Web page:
By Moshe Norman, LSW. Dos Yiddishe Mamme. Typified. Personified. She’s warm, caring and protective. Unconditionally loving and accepting. She is always there to save her child through thick and thin, through his good choices and his mistakes. And never misses an opportunity to protect her child from even the slightest discomfort.
How fortunate we are, to be part of a heritage of Rachmonim, Bayshonim and Gomlei Chasodim. Look at our behavior on Purim, “B’koso.” We encourage and support each other, and we finance the poor without a second glance. What beautiful traits.
But is acting on one’s Rachmonus always the correct thing? Is giving money to a compulsive gambler because we feel bad that he has no money left constructive Rachmonus? What are the pros and cons when dealing with our children?
Let’s think about it. A child needs to undergo a surgery to protect him from a life-threatening situation. How would we perceive his parents, if they were to cancel the surgery because they “couldn’t tolerate to see him in pain?” Would we deem them Rachmonim? Clearly, sometimes we put aside our emotions to do what is best.
As parents, we very often have the opportunity to witness our children experiencing some degree of discomfort. And yes, these are opportunities. Opportunities to help them grow.
“Zalmen got more Shabbos cereal than I!” protests Yossi.
“My Rebbe blamed it on me and I didn’t even do it!” “He made me stay in for 5 minutes of recess and the kid who did it wasn’t even punished!”
One of my favorites working in a school setting was when the boys complained to the principal, “Gavriel never gets in trouble ‘cuz his father is the richest in the school!”
Most of these complaints are pretty valid. Yet as parents, how do we respond to them?
Typically, when our children complain, we either dismiss it or pacify it.
“So, what’s the big deal if he got a few more pieces of Shabbos Cereal? Last week you got more than he!” Dismissed.
“Oy, you are right. I will call Rebbe and tell him that you shouldn’t have lost your recess.” Pacified.
“OK, I’ll give you a few more Fruity Pebbles.” Pacified.
“If your Rebbe punished you, you probably did something wrong!” Dismissed.
So which is the right way? Neither. Now, before we get carried away, let’s just note that research indicates that children are resilient to a degree of parenting mishaps. Children are able to identify occasional yelling, dismissing, pacifying as resulting from various stressors, and to get past them with little or no emotional harm done. What I am discussing is the potential developmental disadvantages of a specific practical parenting attitude.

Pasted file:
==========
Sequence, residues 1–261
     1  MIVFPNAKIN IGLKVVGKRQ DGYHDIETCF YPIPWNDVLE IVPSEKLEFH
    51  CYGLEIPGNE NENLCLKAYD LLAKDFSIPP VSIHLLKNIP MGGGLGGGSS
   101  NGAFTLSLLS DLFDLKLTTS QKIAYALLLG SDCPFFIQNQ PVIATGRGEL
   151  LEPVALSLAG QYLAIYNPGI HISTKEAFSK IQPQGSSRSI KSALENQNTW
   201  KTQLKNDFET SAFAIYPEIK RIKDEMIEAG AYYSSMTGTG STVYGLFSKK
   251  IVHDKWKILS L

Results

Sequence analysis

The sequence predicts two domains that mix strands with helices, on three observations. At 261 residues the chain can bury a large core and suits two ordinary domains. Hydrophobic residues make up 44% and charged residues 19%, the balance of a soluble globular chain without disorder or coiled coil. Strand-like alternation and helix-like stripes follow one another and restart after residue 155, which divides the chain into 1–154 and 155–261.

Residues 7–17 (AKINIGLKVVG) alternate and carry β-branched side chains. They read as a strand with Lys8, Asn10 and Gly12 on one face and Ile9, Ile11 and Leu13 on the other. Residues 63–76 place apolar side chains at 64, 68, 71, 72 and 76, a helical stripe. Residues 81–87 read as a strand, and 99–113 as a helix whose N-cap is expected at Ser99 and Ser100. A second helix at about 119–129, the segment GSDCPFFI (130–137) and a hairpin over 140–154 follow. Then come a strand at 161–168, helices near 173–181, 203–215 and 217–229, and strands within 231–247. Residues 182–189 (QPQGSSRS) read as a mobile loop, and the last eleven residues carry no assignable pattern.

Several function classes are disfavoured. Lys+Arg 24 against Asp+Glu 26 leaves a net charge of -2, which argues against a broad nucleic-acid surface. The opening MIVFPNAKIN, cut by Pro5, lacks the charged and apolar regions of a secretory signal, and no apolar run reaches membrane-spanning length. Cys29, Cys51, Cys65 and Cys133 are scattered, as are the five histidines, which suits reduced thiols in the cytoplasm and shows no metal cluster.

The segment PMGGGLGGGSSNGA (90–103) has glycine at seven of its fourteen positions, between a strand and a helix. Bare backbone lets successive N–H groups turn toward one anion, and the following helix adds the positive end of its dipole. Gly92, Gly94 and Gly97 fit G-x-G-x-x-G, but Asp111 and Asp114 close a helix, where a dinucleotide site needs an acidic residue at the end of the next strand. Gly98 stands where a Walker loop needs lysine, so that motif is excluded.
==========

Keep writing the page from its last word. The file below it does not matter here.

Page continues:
By constantly dismissing a child’s pain the child learns that he has no right to experience a negative emotion. Since that emotion is not something that is in his control to prevent, he will effectively develop a sense of shame for having that feeling. So if we say (or give the impression of) “Don’t be jealous, you are not allowed to be jealous!” the child walks away feeling jealous (since telling him not to be jealous does not stop the jealousy,) and he feels ashamed for experiencing this emotion that he is not allowed to feel. These kinds of children often develop a deep-rooted negative sense of self, harbor anger, resentment and feel alienated and self-conscious by the adults who dismissed their feelings.
But what can be wrong with pacifying? After all, if it isn’t fair shouldn’t we always balance the score? If Sruli went to the bank with Tatty and got a lollipop (or a pen if you use TD), shouldn’t Shimmy get one too?
Pacifying prevents a child from learning to tolerate disappointment. Perhaps more accurately, pacifying trains a child to be intolerant to disappointment. When something goes wrong, it must be changed. If I don’t get my way, I will carry-on, insist or forcefully get what I want. Parents who constantly pacify their children actually raise children who have a hard time facing the reality of disappointment. And life is full of ‘em.
So, you ask, what IS the best response?
In the next article we will Iy”H address an alternative response.
Moshe Norman is a Licensed Social Worker in Lakewood, NJ, and specializes in parent-child relationships by helping parents identify and develop their child’s lagging skills. He can be reached at [email protected]